Guest blogging for Humans of IT

In December, I was asked to write a guest blog post for Microsoft’s Humans of IT community. Microsoft asked me to share a growth story on the “people side” of IT. As a librarian that grew into a technology leader, I’m passionate about learning from and supporting others. I’m an advocate and an ally, and I believe diverse ideas and perspectives bring out the best in all of us. In my Humans of IT blog post – Becoming a Strong Female Technology Leader, I shared my experiences moving from the business to IT and how I struggled to build confidence as a new technology leader. The post also includes practical ideas on how to manage personal brand, build strong relationships, and evaluate good (and poor) feedback.  

REgarding 365

REgarding 365 is a community of bloggers, authors, community members, and speakers from the Microsoft 365 space. We share content in a variety of formats – blog posts, videos, podcasts, interviews, etc. I love the opportunity to connect with our RE365 contributors and core team members throughout the year, and to record special events like our Microsoft Ignite analysis on employee engagement, Microsoft Ignite analysis on Knowledge Management, and our COVID work-from-home virtual hackathon. This year we even held a Microsoft Ignite virtual watch party – loved it!

Blogging

I’ve published 43 blog posts in 2020 – a nice increase over 2019. I love sharing new ideas with all of you – please keep reading!

Top blog posts of 2020 (based on user views):

My favorite posts of 2020:

I hope we’ll all be able to see each other again in person in 2021. Until then, I wish you all a safe and healthy holiday season.

Humans of IT blog post: Becoming a Strong Female Technology Leader

This week I published my first guest blog on Microsoft’s Humans of IT community! Microsoft asked me to share a growth story on the “people side” of IT. As a librarian that grew into a technology leader, I’m passionate about learning from and supporting others. I’m an advocate and an ally, and I believe diverse ideas and perspectives can bring out the best in all of us.

I share my experiences moving from the business to IT, how I struggled to build confidence as a new technology leader, and key lessons learned. I also share practical ideas for managing your personal brand, building strong relationships, and evaluating good (and poor) feedback. I hope you’ll join me on the journey and read the Humans of IT blog post – Becoming a Strong Female Technology Leader.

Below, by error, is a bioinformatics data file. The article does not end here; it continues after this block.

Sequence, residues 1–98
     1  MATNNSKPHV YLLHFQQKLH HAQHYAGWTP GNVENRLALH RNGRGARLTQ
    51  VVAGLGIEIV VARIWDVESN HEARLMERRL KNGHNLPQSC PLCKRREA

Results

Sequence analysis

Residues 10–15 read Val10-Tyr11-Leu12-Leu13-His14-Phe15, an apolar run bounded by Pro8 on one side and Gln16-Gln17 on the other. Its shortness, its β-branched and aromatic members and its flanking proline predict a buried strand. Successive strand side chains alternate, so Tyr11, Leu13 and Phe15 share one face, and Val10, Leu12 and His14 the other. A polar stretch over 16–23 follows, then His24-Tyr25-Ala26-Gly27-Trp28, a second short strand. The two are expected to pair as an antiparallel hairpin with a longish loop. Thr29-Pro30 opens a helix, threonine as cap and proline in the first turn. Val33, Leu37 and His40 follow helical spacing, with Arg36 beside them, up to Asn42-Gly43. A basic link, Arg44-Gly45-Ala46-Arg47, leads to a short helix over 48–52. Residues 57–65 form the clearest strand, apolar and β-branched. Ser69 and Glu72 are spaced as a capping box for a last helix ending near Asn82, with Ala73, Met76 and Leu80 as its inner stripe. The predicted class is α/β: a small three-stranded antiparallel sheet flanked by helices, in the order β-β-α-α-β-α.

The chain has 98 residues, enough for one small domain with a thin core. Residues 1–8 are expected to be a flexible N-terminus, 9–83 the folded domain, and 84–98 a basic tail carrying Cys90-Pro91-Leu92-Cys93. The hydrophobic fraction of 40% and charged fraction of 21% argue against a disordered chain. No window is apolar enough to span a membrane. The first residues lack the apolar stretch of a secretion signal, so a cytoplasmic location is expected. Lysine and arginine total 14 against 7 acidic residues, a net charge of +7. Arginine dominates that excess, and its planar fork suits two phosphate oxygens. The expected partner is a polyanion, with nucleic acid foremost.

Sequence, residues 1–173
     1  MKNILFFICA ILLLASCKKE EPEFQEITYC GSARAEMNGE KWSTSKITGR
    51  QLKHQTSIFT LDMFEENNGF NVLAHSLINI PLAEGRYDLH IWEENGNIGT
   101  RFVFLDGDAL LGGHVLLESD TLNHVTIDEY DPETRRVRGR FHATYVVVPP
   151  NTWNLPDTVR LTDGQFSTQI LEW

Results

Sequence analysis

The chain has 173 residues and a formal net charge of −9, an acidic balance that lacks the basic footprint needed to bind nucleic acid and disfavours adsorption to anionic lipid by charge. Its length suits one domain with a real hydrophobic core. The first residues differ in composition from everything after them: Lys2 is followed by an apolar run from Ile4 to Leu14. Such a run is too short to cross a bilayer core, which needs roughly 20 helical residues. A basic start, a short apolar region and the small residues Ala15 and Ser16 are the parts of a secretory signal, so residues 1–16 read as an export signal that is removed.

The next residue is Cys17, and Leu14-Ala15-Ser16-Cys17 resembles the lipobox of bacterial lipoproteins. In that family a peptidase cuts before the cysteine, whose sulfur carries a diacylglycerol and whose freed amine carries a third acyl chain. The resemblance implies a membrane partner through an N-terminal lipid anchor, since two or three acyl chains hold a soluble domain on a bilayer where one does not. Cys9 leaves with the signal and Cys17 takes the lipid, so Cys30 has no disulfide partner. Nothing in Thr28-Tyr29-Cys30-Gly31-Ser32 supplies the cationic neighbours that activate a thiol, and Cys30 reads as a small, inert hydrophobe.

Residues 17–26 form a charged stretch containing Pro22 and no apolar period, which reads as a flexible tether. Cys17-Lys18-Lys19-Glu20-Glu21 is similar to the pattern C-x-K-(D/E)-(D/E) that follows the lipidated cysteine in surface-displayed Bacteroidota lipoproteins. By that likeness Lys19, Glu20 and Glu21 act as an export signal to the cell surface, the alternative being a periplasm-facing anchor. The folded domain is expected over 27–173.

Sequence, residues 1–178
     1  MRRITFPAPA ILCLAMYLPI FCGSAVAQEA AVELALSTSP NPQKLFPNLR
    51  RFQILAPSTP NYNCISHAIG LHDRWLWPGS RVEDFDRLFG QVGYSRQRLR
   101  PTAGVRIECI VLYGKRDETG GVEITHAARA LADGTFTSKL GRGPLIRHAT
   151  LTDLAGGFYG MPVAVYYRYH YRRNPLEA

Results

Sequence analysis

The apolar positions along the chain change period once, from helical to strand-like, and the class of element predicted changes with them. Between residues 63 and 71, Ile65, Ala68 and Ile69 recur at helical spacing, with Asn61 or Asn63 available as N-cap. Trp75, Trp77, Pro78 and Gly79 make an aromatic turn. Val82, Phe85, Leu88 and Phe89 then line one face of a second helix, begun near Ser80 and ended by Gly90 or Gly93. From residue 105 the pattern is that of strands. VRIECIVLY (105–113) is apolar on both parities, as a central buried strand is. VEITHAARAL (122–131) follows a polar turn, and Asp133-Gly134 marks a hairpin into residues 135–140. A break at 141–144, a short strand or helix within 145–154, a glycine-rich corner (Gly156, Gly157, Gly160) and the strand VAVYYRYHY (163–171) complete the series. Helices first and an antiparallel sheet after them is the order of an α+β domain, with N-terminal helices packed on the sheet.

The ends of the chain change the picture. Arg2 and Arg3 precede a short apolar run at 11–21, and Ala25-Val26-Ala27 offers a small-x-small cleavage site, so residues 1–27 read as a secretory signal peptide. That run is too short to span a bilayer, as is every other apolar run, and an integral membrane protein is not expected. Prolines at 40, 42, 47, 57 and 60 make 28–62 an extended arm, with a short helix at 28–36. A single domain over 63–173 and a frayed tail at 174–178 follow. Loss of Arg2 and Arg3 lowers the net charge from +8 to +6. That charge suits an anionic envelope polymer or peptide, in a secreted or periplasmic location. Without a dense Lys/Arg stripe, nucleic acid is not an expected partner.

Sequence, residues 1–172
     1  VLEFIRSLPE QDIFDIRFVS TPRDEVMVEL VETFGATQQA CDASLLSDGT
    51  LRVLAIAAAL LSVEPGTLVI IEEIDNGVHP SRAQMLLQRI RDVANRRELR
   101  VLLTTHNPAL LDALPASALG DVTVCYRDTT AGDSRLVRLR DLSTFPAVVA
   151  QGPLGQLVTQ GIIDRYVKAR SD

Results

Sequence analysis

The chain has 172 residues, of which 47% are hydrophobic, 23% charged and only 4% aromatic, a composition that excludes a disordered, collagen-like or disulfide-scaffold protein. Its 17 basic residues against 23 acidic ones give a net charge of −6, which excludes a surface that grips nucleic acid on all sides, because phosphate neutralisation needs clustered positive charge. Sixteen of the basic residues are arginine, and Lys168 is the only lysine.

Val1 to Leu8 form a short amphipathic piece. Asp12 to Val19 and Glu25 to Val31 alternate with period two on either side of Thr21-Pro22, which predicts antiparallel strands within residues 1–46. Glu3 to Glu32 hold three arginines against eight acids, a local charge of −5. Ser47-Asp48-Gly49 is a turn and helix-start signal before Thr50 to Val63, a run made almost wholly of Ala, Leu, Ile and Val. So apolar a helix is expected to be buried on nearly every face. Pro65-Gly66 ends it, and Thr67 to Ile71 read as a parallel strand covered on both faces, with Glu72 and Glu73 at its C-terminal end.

Microsoft Ignite 2019 – Women in Technology leadership roundtable

The Humans of IT community engages and empowers technologists to discover their tech superpowers through mentoring, shared stories of struggle and growth, and testimonials on how technology is positively impacting the world around us. If you’re not already a member of the community, I encourage you to learn more.

A Microsoft Teams discussion with Laurie Pottmeyer

We’re thrilled to welcome Laurie Pottmeyer, Senior Program Manager for Microsoft Teams, to episode 40 of the Microsoft 365 Voice podcast. We had the chance to ask Laurie all kinds of questions about Microsoft Teams, including:

  • What are your top 5 favorite Microsoft Teams features?
  • Which Microsoft Teams features are you surprised that people don’t talk about much?
  • Microsoft Teams daily active users jumped more than 50% since COVID-19 began, with more than 115 million users working in Microsoft Teams daily. How has the Microsoft engineering team kept up with this growth?
  • How is Microsoft innovating and adding new features to Microsoft Teams while ensuring the product stays secure and performs well?
  • What does a ‘day in the life’ look like for someone on the Microsoft Teams product team?
  • What suggestions and resources do you recommend for companies implementing Microsoft Teams?
  • What upcoming features are you looking forward to most in Microsoft Teams?
  • What trends do you see in how companies roll out Microsoft Teams (e.g. rolling out chat first, then online meetings, collaboration features, etc.)?